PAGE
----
"We All Join Hands": Perceptions of the Kangaroo Method Among Female Relatives of Newborns in The Gambia

Qual Health Res. 2021 Mar;31(4):665-676. doi: 10.1177/1049732320976365. Epub 2020 Dec 8.


Family support is essential for kangaroo mother care (KMC), but there is limited research regarding perceptions of female relatives, and none published from West African contexts. In-depth interviews were conducted from July to August 2017 with a purposive sample of 11 female relatives of preterm neonates admitted to The Gambia's referral hospital. Data were coded in NVivo 11, and thematic analysis was conducted applying an inductive framework. Female relatives were willing to support mothers by providing KMC and assisting with domestic chores and agricultural labor. Three themes were identified: (a) collective family responsibility for newborn care, with elder relatives being key decision makers, (b) balance between maintaining traditional practices and acceptance of KMC as a medical innovation, and (c) gendered expectations of women's responsibilities postnatally. Female relatives are influential stakeholders and could play important roles in KMC programs, encourage community ownership, and contribute to improved outcomes for vulnerable newborns.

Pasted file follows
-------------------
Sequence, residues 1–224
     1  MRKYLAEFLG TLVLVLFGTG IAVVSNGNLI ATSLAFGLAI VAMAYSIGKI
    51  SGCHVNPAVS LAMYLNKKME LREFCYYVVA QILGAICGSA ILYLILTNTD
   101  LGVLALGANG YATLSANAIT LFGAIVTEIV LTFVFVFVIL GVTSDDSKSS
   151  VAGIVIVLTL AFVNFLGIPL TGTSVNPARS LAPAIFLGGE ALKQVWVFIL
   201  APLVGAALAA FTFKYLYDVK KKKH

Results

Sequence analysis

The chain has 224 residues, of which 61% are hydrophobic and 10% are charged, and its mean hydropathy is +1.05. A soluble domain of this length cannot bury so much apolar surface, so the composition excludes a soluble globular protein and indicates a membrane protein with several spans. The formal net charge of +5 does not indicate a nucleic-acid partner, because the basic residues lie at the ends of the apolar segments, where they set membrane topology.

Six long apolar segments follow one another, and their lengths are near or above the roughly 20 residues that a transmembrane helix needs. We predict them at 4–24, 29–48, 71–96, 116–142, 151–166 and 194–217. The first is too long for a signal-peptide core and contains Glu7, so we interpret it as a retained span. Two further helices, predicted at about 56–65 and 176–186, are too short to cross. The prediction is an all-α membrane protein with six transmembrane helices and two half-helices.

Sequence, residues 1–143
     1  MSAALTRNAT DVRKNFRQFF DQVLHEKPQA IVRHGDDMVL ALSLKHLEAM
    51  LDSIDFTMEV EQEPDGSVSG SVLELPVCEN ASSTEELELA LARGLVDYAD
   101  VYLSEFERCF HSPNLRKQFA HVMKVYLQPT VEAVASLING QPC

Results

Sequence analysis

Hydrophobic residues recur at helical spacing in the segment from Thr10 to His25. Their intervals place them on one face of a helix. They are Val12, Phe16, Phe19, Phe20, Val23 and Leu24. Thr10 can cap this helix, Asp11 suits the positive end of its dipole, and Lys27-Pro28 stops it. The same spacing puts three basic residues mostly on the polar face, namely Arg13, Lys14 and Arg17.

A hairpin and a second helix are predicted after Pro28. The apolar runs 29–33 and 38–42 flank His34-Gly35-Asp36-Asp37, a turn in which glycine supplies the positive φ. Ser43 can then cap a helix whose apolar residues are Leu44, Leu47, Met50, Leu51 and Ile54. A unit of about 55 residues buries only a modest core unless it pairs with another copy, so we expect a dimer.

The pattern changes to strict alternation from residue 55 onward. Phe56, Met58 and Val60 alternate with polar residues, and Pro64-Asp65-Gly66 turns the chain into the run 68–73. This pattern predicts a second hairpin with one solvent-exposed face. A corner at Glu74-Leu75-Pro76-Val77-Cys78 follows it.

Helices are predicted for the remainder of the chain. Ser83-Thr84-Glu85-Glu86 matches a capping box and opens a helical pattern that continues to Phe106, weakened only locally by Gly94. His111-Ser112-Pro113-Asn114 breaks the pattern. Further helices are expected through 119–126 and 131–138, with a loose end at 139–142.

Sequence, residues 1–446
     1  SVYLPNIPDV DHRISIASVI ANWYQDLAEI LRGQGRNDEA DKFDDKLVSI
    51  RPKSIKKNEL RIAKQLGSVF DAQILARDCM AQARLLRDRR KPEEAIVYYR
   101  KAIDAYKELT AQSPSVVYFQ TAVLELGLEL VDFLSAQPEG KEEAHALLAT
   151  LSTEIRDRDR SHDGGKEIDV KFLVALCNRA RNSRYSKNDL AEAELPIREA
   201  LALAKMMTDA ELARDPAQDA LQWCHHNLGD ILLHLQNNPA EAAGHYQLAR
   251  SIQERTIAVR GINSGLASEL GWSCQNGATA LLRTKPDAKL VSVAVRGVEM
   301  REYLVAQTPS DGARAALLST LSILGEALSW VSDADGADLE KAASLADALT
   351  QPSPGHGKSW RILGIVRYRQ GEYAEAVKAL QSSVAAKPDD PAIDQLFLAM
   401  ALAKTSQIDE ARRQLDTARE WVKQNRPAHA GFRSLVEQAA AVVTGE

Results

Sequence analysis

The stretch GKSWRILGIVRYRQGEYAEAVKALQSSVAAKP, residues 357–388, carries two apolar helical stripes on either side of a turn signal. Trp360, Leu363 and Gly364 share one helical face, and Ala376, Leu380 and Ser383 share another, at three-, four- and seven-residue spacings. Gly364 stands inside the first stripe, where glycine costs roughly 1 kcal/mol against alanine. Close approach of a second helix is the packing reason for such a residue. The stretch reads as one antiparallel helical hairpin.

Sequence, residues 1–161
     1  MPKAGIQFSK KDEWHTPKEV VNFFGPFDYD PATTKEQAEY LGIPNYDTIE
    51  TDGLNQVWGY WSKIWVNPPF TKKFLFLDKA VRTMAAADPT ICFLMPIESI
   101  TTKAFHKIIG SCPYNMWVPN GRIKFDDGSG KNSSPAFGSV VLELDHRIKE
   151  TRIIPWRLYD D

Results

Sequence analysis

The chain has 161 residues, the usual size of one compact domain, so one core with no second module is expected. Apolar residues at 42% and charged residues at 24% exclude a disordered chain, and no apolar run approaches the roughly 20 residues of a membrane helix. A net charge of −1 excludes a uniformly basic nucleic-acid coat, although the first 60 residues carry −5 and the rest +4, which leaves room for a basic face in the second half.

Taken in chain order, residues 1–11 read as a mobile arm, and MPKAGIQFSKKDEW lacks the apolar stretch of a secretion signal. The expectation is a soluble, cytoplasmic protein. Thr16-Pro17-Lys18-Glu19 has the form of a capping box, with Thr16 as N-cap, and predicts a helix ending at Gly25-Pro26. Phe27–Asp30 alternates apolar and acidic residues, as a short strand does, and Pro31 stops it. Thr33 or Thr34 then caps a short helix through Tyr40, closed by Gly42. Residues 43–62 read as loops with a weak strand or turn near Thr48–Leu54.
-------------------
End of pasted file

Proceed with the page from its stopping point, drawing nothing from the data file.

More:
Keywords: The Gambia; West Africa; family; female relative; gender; grandmother; in-depth interviews; kangaroo mother care; low birth weight; neonate; newborn, preterm; qualitative; skin-to-skin.

Publication types

  • Research Support, Non-U.S. Gov't

MeSH terms

  • Aged
  • Child
  • Female
  • Gambia
  • Humans
  • Infant, Low Birth Weight
  • Infant, Newborn
  • Kangaroo-Mother Care Method*
  • Mothers
  • Perception